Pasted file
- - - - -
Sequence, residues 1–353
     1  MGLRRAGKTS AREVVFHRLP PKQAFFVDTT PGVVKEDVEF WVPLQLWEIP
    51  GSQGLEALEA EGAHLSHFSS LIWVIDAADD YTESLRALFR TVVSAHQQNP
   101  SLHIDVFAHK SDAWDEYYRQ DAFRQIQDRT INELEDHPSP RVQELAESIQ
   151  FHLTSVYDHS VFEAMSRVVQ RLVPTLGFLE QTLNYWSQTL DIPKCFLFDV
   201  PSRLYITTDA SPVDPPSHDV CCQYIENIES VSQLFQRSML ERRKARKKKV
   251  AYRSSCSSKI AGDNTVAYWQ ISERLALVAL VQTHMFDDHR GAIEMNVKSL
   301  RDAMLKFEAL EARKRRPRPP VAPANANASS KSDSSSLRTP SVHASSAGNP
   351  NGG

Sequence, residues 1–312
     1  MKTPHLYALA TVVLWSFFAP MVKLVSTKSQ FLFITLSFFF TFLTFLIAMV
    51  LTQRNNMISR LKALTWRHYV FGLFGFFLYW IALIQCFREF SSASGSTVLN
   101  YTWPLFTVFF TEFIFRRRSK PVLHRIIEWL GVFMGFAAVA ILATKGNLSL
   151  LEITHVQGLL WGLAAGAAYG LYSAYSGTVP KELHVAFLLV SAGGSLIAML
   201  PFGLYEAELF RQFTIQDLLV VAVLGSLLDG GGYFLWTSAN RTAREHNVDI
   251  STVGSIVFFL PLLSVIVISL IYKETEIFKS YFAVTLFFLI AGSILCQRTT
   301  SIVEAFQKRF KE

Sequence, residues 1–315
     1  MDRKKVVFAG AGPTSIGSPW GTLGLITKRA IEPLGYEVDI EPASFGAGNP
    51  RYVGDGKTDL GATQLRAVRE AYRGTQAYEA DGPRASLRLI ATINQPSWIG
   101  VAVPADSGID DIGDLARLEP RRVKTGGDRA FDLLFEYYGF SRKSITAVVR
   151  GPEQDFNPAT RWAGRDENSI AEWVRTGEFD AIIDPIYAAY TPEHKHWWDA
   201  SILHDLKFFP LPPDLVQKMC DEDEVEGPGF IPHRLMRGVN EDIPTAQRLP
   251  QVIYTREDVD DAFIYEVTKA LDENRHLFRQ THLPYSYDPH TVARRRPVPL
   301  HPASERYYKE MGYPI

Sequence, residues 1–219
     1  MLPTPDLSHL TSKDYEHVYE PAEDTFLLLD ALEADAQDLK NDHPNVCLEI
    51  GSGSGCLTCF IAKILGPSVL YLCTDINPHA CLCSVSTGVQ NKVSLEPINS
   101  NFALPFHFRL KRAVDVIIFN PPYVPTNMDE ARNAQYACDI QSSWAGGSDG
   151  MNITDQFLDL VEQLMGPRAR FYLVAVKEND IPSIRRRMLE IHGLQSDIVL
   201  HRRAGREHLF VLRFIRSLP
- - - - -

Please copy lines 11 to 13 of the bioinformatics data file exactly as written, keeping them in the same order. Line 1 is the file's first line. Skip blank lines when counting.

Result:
     1  MKTPHLYALA TVVLWSFFAP MVKLVSTKSQ FLFITLSFFF TFLTFLIAMV
    51  LTQRNNMISR LKALTWRHYV FGLFGFFLYW IALIQCFREF SSASGSTVLN
   101  YTWPLFTVFF TEFIFRRRSK PVLHRIIEWL GVFMGFAAVA ILATKGNLSL